I just started a new Masters group and these swimmers are pretty inexperienced except for a couple of women who are pretty good flyers. I decided to do a mini-clinic on butterfly. It was very well-received. Here are the points I made: (1) Breathe early in the stroke; head goes down and thrusts forward; butt comes up (2)Head should be down before You start the recovery! – Head Down, Butt Up (3) Slow Down! – don’t rush the stroke – Glide! – pull all the way through (4) Stroke count should be about half what your freestyle count is. Then, I got in the water to show them all these points. And I asked them what my stroke count was; did I glide; did I rush the stroke; did I keep my head down, etc. Then they returned to the water and did 6-8 x 25 with about :10 rest, then followed that with 4 x 50 (25 dolphin u/w and 25 alternating 1-arm). Some of them actually got it! I was pleased. We’ll do another session with them in a couple weeks and add some of the finer points of butterfly. The first step is to understand the dolphin motion and how to coordinate head, arms and legs.

Bert Petersen
March 1st, 2003, 05:59 PM
Since the 100 fly is pretty much my only passion, here are a few things which I do that seem to help. Remember, I work out alone.
!. "Add a stroke"....do one stroke fly, finish the length free, do 2 strokes fly, finish with free, and so on. Can do continuous or one
length at a time with rest. You decide how many lengths and how high you want to go with the fly portion. Can be done arms only as well.
2. Morale booster...every workout, finish with one set of sprint fly,seeing how far you can go before your stroke turns to garbage. First day you might only make a 25......try and add to it each time, but only going as far as good form allows. I'm up to a good 75 right now and I find that I can handle a 100 at a meet when I'm fresh, finishing with style,not dying like a dog. So I guess that 75 tired = 100 fresh.3. I never swim "slow" fly. Everything is sprint form until I switch to drill or free.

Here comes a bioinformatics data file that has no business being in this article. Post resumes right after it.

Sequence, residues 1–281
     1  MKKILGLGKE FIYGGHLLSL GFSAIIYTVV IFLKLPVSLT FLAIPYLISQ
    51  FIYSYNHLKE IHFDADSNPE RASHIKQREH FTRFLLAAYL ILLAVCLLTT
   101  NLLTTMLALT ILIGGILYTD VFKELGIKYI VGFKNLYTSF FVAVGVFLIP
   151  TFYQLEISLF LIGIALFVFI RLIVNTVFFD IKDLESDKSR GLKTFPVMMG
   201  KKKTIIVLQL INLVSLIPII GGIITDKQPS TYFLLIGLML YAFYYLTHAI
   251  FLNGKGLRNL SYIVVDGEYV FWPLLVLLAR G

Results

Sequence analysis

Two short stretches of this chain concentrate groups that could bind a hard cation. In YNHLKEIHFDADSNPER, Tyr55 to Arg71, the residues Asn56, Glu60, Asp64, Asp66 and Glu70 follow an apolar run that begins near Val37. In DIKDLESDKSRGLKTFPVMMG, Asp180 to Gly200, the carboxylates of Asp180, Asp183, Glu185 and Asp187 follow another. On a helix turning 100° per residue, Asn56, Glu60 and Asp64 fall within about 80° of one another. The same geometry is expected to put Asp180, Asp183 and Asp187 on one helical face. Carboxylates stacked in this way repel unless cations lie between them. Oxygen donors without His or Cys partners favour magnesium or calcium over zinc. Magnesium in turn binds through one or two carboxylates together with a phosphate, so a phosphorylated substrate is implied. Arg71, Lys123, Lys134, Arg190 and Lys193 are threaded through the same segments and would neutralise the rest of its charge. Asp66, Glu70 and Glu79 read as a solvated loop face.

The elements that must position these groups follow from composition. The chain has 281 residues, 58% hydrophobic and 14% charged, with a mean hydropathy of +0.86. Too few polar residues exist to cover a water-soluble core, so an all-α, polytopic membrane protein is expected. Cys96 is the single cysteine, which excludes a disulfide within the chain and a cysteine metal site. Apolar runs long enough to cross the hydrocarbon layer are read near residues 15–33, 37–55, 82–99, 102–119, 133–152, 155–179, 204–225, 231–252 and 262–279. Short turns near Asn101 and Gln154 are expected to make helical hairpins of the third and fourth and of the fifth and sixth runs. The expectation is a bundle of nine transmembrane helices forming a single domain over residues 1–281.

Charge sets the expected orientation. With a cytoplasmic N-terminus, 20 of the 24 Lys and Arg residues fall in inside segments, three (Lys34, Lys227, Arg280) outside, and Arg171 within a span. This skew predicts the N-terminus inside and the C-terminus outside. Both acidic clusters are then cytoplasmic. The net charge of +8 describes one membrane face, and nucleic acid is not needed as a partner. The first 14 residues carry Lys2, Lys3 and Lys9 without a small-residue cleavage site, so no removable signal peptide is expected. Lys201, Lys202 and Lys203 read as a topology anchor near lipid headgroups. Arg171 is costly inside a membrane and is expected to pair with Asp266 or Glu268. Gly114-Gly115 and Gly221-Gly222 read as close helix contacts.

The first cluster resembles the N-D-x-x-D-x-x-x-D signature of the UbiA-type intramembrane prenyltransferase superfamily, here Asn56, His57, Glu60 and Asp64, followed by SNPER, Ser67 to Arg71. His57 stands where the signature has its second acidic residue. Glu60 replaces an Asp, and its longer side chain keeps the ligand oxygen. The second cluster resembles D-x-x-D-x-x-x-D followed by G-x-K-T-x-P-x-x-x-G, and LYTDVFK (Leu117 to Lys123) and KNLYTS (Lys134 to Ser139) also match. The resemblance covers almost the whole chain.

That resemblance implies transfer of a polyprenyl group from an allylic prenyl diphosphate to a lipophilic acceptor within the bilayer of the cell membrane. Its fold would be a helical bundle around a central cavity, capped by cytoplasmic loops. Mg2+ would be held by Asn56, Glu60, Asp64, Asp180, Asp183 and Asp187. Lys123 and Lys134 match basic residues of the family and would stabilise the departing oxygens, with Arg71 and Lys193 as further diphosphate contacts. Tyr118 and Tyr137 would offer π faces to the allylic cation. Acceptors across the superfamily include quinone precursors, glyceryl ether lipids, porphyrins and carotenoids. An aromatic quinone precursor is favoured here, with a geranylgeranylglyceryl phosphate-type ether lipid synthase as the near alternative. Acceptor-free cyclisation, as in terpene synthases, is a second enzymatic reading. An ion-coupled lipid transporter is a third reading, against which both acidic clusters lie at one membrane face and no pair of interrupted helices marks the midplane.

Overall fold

Good luck !

March 1st, 2003, 09:57 PM
Dick -

I am reading your description of the timing for breathing and head position and wonder if I am incorrectly visualizing what you are teaching.

Are you saying that during the recovery of the arms, you want the head down and the butt at the surface? If you are saying that, doesn't that result in the shoulders being lower than the hips which is opposite of what I tell our kids and adults to do.

When my kids put their head down before the recovery, they don't get a very good recovery and end up doing dolphin dives for the bottom.

Just curious for a little more info.

Paul Windrath

March 2nd, 2003, 12:23 PM
Thanks, Paul, for your observations. Sometimes I don't articulate as precisely as I think. I believe, in butterfly, it's absolutely necessary to get the head down at the same time that the arms are recovering. (Maybe that's a better way of putting it.) I guess I word it the way I do so getting the head down and recovery will occur simultaneously. The swimmer new to butterfly needs to understand the timing issue. The reason I teach this way is that I often see swimmers with their heads up looking straight ahead, arms out of the water and hips diving for the bottom. The classic "Butter-Struggle". Getting the head down before or AS the arms recover will help to keep the butt up and their body on a more level plane. (Will you accept "AS the arms recover"?)

I don't coach kids but I do occasionally see an adult novice diving too deep. Novice adults don't like going too deep. In fact, it's hard to get them to do u/w dolphin kicks where you need to be well under the surface (2-3 feet).

Respectfully, Dick Pitman

March 4th, 2003, 01:01 PM
the head needs to dive as the arms recover... That's what I tell the kids I coach.

as the hands come around the head needs to be dropping, so the head is lower than the arms...

That's how my coach explained it to me. My stroke was always "beautiful" according to my coaches.. but I never had any speed behind it... never broke 1:20 except when a doctor changed some migraine drugs I was on.

Sicne then, I've fixed it, and I never raise my head at all... I'm always looking at the bottom of the pool, but my body comes higher out of the water and my face is about 2 inches from the water to breathe.